Eas­ton eco­nomic sym­po­sium delves into global, world econ­omy

The Star Democrat - - FRONT PAGE - By JOSH BOLLINGER jbollinger@star­dem.com

EAS­TON— The U.S. is in a con­sumer econ­omy, ac­cord­ing to two economists Tues­day morn­ing, Oct. 25, at the 2016 Eco­nomic Sym­po­sium in Eas­ton.

Hosted by the Tal­bot County Cham­ber of Com­merce at the Tide­wa­ter Inn, and spon­sored this year by M&T Bank and Tri Gas & Oil, the eco­nomic sym­po­sium is a yearly event where economists Gary Keith and Anir­ban Basu give their opin­ions on the cur­rent trends in the U.S. and global economies, why the trends are hap­pen­ing and what that means for the fu­ture.

Keith, vice pres­i­dent of com­mer­cial plan­ning and anal­y­sis with M&T Bank, started the con­ver­sa­tion with a macro look at the econ­omy.

In the eighth year of the re­cov­ery af­ter the Great Re­ces­sion, global eco­nomic re­cov­ery has been “too slow for too long,” Keith said.

Ex­perts have re­peat­edly marked down ex­pec­ta­tions on the eco­nomic growth rate, he said. The prob­lem is there’s not enough de­mand, and that’s cou­pled with too much un­cer­tainty in eco­nomic pol­icy — higher than be­fore the re­ces­sion, he said.

“We can’t hold this in our hands, we can’t point to it as some­thing that is phys­i­cal, but the un­cer­tainty that is in our eco­nomic pol­icy both here in the U.S. and in our ma­jor trad­ing part­ners does hold back the econ­omy,” Keith said.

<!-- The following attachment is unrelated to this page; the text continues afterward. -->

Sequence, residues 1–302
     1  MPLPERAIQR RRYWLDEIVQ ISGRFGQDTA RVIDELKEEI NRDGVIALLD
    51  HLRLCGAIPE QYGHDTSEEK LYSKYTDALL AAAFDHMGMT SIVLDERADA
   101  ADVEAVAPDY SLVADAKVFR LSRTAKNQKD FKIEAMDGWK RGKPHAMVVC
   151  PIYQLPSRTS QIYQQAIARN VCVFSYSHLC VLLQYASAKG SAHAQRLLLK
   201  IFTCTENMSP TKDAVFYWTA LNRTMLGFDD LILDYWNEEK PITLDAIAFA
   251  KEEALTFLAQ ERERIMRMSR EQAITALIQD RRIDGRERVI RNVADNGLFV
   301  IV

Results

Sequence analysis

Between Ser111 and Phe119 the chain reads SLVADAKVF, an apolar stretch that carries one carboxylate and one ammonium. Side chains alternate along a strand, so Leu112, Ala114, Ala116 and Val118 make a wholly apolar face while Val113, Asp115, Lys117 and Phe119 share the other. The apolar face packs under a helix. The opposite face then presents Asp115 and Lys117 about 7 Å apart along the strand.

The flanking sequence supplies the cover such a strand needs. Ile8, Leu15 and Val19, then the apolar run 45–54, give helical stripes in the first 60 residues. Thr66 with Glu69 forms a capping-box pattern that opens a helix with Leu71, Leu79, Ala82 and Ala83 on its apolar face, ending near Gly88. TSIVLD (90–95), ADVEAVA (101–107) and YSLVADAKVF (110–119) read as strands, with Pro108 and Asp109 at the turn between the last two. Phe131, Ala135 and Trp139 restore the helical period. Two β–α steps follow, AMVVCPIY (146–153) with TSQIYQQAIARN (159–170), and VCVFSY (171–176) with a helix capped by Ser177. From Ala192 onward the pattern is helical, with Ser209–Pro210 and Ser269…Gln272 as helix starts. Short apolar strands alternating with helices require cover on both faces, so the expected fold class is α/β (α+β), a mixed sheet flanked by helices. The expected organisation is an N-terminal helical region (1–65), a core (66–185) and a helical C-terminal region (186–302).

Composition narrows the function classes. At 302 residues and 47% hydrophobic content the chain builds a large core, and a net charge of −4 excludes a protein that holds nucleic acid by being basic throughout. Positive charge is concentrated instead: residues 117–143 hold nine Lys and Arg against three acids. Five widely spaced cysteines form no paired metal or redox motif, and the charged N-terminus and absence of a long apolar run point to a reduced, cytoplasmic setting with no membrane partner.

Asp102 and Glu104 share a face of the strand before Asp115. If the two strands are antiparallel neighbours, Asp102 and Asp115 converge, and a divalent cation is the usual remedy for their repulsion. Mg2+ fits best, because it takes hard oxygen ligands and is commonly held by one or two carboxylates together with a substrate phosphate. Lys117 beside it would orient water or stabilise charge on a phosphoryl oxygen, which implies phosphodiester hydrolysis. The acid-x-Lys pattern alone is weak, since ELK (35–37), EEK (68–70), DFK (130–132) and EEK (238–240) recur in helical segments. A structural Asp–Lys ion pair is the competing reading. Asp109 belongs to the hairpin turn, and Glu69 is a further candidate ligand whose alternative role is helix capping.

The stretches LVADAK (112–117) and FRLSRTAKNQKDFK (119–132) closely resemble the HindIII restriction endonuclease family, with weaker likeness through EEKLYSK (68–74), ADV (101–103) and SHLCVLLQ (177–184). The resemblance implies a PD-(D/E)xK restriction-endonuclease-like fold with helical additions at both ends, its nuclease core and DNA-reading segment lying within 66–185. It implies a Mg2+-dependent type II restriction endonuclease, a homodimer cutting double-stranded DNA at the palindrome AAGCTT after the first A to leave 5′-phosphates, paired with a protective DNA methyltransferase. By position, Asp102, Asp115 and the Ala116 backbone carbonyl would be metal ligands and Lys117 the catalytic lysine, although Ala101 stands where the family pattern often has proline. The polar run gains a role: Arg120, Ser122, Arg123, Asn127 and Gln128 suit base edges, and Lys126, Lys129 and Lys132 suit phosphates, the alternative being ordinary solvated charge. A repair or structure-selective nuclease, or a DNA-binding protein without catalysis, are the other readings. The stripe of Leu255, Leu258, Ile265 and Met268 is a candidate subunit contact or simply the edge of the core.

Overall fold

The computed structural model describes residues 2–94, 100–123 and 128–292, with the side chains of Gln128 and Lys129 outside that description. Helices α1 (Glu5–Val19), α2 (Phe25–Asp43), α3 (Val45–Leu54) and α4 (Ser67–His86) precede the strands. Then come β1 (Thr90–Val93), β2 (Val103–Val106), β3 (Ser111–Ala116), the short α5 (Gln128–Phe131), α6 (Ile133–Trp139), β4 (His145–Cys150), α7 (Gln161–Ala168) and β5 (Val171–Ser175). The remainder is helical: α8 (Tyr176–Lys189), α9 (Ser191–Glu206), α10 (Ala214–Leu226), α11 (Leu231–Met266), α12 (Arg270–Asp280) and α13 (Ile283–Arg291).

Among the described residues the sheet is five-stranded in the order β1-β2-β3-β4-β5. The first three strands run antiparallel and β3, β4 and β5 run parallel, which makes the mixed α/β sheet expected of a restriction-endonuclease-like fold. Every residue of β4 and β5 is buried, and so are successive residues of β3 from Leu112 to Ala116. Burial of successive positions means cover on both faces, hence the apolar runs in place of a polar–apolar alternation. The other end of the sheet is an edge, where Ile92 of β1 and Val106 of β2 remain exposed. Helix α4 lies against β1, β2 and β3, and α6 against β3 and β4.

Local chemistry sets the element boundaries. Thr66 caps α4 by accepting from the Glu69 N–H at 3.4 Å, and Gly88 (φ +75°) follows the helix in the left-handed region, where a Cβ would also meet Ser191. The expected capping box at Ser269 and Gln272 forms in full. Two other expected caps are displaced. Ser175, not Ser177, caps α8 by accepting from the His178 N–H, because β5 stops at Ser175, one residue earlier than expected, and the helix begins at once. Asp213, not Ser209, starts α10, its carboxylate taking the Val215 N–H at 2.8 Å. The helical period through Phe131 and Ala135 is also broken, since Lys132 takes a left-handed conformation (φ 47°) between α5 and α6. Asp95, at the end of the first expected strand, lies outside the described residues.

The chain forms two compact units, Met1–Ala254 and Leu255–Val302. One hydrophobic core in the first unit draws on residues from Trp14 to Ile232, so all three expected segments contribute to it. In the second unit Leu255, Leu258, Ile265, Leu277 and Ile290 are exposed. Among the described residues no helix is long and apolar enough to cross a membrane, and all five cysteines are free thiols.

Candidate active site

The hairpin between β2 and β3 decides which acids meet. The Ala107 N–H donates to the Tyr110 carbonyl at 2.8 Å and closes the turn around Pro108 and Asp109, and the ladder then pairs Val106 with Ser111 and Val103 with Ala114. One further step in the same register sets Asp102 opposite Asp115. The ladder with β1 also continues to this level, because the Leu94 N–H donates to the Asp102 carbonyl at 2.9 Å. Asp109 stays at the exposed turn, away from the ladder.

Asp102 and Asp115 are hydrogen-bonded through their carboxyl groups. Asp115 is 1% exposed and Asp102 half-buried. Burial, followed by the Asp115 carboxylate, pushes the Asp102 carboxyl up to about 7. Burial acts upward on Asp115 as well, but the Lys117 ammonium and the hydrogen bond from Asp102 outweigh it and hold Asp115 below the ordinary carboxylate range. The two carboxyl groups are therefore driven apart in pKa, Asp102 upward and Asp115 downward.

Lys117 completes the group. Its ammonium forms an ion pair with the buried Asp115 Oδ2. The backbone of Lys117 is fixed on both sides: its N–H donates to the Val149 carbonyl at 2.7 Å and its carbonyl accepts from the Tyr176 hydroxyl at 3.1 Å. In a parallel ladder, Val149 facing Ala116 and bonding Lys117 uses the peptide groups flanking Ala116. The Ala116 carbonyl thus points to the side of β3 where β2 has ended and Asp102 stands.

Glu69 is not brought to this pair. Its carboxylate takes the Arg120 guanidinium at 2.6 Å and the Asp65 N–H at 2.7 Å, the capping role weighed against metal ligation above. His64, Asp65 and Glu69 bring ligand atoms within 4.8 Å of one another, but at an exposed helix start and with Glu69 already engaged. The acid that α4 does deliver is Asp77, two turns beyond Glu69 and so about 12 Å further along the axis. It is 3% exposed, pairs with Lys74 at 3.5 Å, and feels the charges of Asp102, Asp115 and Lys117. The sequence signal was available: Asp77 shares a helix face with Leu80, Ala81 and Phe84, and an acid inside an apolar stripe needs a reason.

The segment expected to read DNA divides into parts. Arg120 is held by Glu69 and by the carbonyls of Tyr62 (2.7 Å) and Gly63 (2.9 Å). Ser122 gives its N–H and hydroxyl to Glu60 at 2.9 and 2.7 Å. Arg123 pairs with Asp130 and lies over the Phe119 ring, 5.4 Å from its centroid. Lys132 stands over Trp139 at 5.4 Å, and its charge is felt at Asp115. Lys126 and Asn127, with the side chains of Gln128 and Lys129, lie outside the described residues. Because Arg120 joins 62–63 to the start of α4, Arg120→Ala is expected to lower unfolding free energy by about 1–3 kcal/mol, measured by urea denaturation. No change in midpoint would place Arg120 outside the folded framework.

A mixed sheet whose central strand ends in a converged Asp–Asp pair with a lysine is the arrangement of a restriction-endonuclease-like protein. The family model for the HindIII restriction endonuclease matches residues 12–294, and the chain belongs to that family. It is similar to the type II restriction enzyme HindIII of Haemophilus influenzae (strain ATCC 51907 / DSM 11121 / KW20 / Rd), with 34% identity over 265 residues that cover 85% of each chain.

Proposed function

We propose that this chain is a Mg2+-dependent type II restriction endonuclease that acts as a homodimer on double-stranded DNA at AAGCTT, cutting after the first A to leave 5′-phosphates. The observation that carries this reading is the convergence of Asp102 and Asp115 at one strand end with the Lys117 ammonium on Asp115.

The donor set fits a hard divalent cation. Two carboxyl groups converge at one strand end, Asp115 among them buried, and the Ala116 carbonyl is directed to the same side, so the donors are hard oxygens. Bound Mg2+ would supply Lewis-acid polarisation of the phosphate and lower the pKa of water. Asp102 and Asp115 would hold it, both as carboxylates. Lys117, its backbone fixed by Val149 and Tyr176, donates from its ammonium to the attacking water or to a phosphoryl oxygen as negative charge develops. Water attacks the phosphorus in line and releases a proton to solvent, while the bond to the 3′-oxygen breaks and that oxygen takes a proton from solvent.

“Th­ese kind of un­cer­tain­ties have an ef­fect in terms of de­ci­sion mak­ing ... the con­cept that ev­ery­one is wor­ried about the fu­ture, ev­ery­one is con­cerned, is some­thing that we’re see­ing ris­ing and I think it’s some­thing that we re­ally have to watch for in terms of driv­ing psy­chol­ogy to the point where we get some self ful­fill­ing as­pects of what’s hap­pen­ing in the econ­omy,” he said.

Glob­ally, gross do­mes­tic prod­uct (GDP) growth has slowed, from a 5.3 per­cent av­er­age be­tween 2004 and 2007 to a 3.3 per­cent av­er­age from 2012 to 2018, ac­cord­ing to Keith. The U.S.’s av­er­age GDP growth over the past six years has been 2.2 per­cent.

The drag is be­cause a quar­ter of the econ­omy is fo­cused on ex­ports and non­res­i­den­tial fixed in­vest­ments.

“If there’s not enough de­mand in that sec­tor of the econ­omy, that spills into in­vest­ment and cap­i­tal goods where there is just not enough need to in­vest in new equip­ment, new ex­pan­sion ac­tiv­i­ties,” Keith said.

But one pos­i­tive sign is that 70 per­cent of the U.S. econ­omy is con­sump­tion and con­sumer spend­ing, he said. On top of that, job growth con­tin­ues to rise, me­dian in­comes con­tinue to rise, and more peo­ple are par­tic­i­pat­ing in the job mar­ket, Keith said.

Keith said he is op­ti­mistic that con­sumers will play a part to boost the econ­omy, point­ing to sev­eral other fac­tors, in­clud­ing a grow­ing mil­len­nial gen­er­a­tion, which is en­ter­ing its prime spend­ing years and will par­tic­i­pate in con­sumerism much more than Baby Boomers, who are leav­ing their prime spend­ing years.